I could do it really short and say – school books. In longer version – anything but school books.
When I’m working on something, I tend to read a lot of scientific books how and why things work. It is important to me that if I give out the final work, it should be polished and shine. I’m far from perfectionism, but I very much enjoy fully thought through books, even if it’s mindless action.
I am right now reading Shattered Silence: The Untold Story of a Serial Killer’s Daughter by Melissa G Moore and M Bridget Cook. It is – as it says in the name – a book about daughter of a serial killer. When I started researching my story, I knew there were stories out there that would seem too similar to mine if I didn’t pick them up and read them through first. This was one of them, but I didn’t get to it before now. I don’t read many biographies unless it is related with historical people or someone, who has already passed away.
Bullies, Bastards and Bitches: How to Write the Bad Guys of Fiction by Jessica Page Morrell is sitting on my shelf only inches away from grabbing distance so I would do some school work, too. Though the book itself looked slightly simple, when human character is involved, I still love it.
I bought this book, because I wanted to study phenomena in modern literature that started bothering me some time ago. If you read Tolstoy or Dostoyevsky books – bad characters are bad. They perform their criminal acts with reasons that give no doubt – they are bad. But if you take modern genre literature, then often it seems that bad characters are simply good guys fallen from grace. Which itself isn’t far from the truth, but the load of excuses writers use to justify their actions is overwhelming. The worst cases I’ve put the book down, because I sense that the writer is afraid to show criminal as they are – bad. So I wanted to know what is causing this. Fear to show character one-sided? Fear to explore the darker fields of humanity?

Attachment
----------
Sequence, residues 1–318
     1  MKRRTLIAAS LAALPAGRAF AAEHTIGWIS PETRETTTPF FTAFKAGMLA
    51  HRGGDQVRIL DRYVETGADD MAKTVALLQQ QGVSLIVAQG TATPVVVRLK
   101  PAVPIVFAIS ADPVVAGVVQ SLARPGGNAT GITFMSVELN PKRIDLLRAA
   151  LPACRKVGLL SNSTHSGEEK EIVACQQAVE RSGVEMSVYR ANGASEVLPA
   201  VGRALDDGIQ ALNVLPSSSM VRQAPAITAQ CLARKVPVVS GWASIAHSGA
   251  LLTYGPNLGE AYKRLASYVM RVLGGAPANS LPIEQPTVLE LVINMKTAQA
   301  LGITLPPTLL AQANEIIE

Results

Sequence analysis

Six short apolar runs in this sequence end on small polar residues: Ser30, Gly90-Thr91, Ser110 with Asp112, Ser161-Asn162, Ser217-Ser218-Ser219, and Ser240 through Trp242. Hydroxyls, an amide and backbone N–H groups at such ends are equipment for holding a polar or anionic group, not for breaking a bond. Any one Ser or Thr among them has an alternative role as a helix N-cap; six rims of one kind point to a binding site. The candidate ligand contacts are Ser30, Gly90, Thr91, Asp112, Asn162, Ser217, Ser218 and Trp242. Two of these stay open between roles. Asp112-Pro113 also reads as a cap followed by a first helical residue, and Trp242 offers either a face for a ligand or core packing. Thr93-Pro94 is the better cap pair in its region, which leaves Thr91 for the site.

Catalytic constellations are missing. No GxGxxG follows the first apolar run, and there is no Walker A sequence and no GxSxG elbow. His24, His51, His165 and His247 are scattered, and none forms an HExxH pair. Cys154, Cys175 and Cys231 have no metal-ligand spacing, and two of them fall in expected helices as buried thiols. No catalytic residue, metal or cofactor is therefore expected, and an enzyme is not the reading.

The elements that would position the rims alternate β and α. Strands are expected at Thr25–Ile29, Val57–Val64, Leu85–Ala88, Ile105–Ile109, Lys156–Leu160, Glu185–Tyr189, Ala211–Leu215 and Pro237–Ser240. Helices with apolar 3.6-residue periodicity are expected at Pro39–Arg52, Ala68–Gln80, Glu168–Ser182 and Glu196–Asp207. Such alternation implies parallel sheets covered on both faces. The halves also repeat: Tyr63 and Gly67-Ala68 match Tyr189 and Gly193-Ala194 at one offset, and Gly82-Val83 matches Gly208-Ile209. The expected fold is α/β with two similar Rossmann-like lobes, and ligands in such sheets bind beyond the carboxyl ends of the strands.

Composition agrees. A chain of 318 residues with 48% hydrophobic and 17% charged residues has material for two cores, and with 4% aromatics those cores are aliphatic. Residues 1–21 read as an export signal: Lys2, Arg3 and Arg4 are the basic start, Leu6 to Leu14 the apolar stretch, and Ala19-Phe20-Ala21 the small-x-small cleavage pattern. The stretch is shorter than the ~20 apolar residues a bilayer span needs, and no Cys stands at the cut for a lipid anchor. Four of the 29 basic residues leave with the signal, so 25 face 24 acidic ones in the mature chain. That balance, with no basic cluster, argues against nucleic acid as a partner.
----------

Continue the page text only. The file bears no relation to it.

All the Men, All the Women by Herbert Lockyer is a book about men and women mentioned in Bible. I find it very ignorant if someone non-religious person says Bible should be left in the past, where it belongs. For European, Bible, we like it or not is the bases of our cultures and this includes literature. Most character types, plots or humane characters all come from it.
You might not find count Dracula between those pages, but Judas Iscariot is often related with him and it is ridiculous to hear a teenager snorting in the middle of university movie night “Why do they mess up stories with religion!?”. You can imagine class full of educated students and lecturers’ faces to such question. She was quickly forgiven though – teenager after all.
Moral Panics and the British Media, an article by By Ian Marsh and Gaynor Melville is an interesting article in Internet Journal of Criminology about media as crucial element in creating nation spread panic based on moral differences. This is for the book I’m working on.
Human Behavior and the Social Environment: Macro Level: Groups, Communities, and Organizations by Katherine van Wormer, Fred Besthorn and Thomas Keefe (Jan 16, 2007). This one also relates with the book I’m working on. I have slightly older version of it from the library (Gates of Heaven!), but it will give me the over-all idea of how groups work-react in different situations. Before I began researching, I would have never even dreamed how deep and complicated groups can be! In general, yes, but how it is related to the size of the group on how they work out as a team, how leaders react and work – it was different than I expected.
I know it drives me crazy when I have too much research and not a bit fun. So I’m rediscovering my old favorites, especially Diana Palmer. She has big collection of works and I enjoy reading her books from different decades. It gives interesting view on how her romances have changed over the years and especially her use of words and trends. Everything can help with the research.
Today’s post is my response to the prompt on What’s On My To-Read list?, this month’s topic for the Merry-Go-Round Blog Tour. Throughout the month, you can get to know twenty (or so) other writers from various genres and backgrounds and at various places in their careers.
Next stop on the tour is B.C. Matthews on August 21st, 2012.